Q: What's the best way to win?
A: A winning strategy involves balancing the goals of defending your planets,
exploring new planets and colonizing those which are hospitable, eliminating
the assets of your opponents, maintaining superior technology, and ensuring
your own flexible response capability by stockpiling metal and adding to your
Q: Is The Ho! a war game or a game of economics?
A: You can decide that for yourself. Your short term goal is to protect your
assets, while your long term goal is to increase your income.
Many strategic principles were first described by Sun Tzu in The Art of War
during the fourth century B.C. These principles are still used today by
military strategists and in other competitive arenas. Several relevant quotes
from his book have been included throughout this section, like this:
"Your aim must be to take All-under-Heaven intact. Thus your troops are not
worn out and your gains will be complete. This is the art of offensive
strategy. When ten to the enemy's one, surround him. When five times his
strength, attack him. If double his strength, divide him. If equally matched
you may engage him. If weaker numerically, be capable of withdrawing. And if
in all respects unequal, be capable of eluding him, for a small force is but
booty for one more powerful."
Q: How do Sun Tsu's strategic principles apply to The Ho!?
A: Attack where the enemy is weakest. Avoid fighting heavy battles on two
fronts simultaneously. Deceive the enemy before your attack by feigning an
attack somewhere else first. Try to get the enemy to attack you where you are
strong, such as a well defended planet.
"All warfare is based on deception. Therefore, when capable, feign incapacity;
when active, inactivity."
Q: What can I do to deceive the enemy?
A: Before launching your attack send a few ships to explore some other planets
that are some distance away. The enemy will respond by toughening the defense
of those planets.
"Reduce the hostile chiefs by inflicting damage on them; make trouble for
them, and keep them constantly engaged; hold out specious allurements, and
make them rush to any given point."
"That the impact of your arms may be like a grindstone dashed against an egg,
use the science of weak points and strong."
"He wins his battles by making no mistakes. Making no mistakes is what
establishes the certainty of victory, for it means conquering an enemy that is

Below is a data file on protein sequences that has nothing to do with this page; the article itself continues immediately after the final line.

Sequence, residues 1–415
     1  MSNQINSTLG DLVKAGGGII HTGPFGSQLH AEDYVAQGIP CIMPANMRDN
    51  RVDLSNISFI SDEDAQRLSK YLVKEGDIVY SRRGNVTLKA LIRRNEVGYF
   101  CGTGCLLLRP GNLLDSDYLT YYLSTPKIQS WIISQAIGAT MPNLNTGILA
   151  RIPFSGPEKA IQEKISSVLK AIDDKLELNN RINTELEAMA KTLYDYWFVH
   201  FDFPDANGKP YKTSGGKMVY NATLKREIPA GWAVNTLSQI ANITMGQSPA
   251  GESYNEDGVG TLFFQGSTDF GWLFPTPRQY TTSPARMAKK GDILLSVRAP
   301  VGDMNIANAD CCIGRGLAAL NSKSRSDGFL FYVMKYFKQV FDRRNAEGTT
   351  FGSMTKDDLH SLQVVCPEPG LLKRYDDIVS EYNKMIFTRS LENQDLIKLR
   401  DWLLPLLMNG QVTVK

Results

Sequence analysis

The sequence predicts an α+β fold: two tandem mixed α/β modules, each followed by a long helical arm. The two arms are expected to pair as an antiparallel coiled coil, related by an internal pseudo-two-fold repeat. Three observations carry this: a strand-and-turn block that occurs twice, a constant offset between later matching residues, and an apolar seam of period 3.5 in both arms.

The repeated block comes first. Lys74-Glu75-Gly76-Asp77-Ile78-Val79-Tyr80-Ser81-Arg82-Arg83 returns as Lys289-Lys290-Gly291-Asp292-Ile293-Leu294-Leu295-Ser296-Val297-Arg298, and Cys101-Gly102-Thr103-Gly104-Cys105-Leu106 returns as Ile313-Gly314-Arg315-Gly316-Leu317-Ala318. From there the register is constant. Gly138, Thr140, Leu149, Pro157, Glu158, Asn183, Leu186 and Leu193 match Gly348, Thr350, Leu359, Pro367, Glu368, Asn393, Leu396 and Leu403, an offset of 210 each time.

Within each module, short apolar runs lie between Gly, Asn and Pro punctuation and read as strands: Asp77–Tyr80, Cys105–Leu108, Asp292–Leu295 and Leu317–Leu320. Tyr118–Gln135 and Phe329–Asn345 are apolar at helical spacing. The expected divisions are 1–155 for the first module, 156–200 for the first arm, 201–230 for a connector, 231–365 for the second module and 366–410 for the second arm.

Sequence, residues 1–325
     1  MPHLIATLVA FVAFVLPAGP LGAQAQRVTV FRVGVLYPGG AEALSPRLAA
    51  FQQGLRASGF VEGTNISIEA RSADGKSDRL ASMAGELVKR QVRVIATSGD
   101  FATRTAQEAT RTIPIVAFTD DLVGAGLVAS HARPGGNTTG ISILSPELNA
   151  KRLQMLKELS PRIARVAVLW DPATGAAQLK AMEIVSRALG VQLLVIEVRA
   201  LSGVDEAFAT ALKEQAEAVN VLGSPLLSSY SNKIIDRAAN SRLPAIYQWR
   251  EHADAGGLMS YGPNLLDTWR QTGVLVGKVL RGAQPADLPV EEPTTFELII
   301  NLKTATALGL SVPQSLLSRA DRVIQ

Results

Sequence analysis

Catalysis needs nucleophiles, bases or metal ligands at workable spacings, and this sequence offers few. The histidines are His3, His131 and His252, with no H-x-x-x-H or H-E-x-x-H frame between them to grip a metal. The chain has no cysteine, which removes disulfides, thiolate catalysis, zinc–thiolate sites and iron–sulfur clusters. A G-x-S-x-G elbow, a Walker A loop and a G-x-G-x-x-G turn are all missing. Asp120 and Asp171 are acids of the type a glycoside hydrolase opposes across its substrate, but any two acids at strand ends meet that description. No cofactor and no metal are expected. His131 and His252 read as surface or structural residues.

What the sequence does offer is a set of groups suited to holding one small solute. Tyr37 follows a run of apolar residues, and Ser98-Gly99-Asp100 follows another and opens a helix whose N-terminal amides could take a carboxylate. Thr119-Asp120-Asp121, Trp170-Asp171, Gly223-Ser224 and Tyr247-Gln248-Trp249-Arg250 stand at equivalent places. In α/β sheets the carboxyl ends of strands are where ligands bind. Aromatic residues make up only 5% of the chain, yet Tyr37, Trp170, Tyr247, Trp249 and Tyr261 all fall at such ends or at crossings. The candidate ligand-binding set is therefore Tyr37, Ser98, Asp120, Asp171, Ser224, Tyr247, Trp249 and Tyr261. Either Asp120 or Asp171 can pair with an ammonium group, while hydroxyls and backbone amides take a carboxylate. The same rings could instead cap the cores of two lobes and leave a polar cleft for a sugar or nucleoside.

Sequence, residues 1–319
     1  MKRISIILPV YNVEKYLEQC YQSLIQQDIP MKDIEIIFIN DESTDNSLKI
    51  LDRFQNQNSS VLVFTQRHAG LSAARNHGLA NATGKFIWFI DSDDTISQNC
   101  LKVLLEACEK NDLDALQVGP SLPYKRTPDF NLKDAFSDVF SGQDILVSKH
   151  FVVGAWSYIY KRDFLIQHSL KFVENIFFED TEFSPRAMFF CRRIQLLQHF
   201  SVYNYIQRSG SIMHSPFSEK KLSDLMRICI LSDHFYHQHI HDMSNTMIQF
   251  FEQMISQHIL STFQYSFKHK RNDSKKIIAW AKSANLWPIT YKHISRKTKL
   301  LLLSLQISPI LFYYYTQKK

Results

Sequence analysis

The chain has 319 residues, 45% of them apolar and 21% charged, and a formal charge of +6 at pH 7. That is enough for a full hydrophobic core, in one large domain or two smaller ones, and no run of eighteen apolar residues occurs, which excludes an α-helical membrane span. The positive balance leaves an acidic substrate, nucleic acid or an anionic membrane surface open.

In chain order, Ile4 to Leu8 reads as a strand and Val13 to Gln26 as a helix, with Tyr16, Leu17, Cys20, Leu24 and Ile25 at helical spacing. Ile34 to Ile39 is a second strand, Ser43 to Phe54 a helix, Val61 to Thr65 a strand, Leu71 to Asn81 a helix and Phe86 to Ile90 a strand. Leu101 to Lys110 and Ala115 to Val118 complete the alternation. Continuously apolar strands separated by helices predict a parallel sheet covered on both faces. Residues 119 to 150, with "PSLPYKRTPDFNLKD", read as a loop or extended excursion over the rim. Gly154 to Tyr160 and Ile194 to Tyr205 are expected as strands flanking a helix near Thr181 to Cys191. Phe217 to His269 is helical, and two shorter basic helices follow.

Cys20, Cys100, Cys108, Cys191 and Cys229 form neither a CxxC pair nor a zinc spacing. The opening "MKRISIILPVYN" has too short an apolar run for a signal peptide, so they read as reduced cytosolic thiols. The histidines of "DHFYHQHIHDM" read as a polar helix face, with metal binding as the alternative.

"A wise general makes a point of foraging on the enemy."
"Numerical weakness comes from having to prepare against possible attacks;
numerical strength from compelling our adversary to make these preparations
Q: What's all this stuff about diminishing returns?
A: The best way to advance your technology, extract metal, and terraform
planets is to keep your spending nearly constant over a period of time. Make
your adjustments gradually. A small allocation that continues over a long
period has a much greater effect than the same money spent in a few turns.
Q: How should I budget my spending on new technologies?
A: The weapons technology is most important, with speed and shields close
behind. Range tech should get some money, too, and if you have extra cash
spend it on radical tech. Be sure to spend plenty on weapons and shields, even
if you don't expect any battles soon. Mini tech is less important in the
beginning, but it becomes more important as the game goes on. Speed is very
important because the faster fleet shoots first in a battle, and that can be
the deciding factor.
Q: How does galaxy type affect the game strategy?
A: In circle, random, and spiral galaxies, the central portion is the most
desirable and hence the most bitterly fought region of the galaxy. If you
colonize any planets in the central region you must defend them strongly.
This is true to a lesser extent in the grid galaxy. The ring and cluster
galaxies have no central region, so you can only be threatened by one or two
enemies at a time. In those galaxies you don't need to explore very many
planets, just grit your teeth and prepare for a fierce battle with one of your
"When he prepares everywhere he will be weak everywhere."
Q: What are ship savings for?
A: If you maintain a stockpile of metal and plenty of ship savings you will be
ready to respond to an attack. This gives you the flexibility to leave some
Q: Which phase of the game is most important?
A: Getting a strong start is very important. On your first move you want to
send scouts to some or all of your neighboring planets. If you're playing at
novice level you will start with plenty of metal, so you can send scouts to
all reachable planets. When you find a good planet, send your colony ship
immediately. Keep sending scouts while you are terraforming your first colony,
so you can find any nearby enemy planets.
Q: What are the advantages to playing aggressively?
A: If you locate an enemy's home planet before he or she finds your home
planet you have an advantage. You can press that advantage by sending a fleet
to destroy their home planet. That will only succeed if you commit a large
portion of your metal and money to the task, and you'll have to leave your
home planet lightly defended during this operation. If you are willing to take
some risk you can often get a jump on the enemy.
Also, bear in mind that the computer opponents are somewhat predictable. They
will send a single scout to investigate before sending their fighters to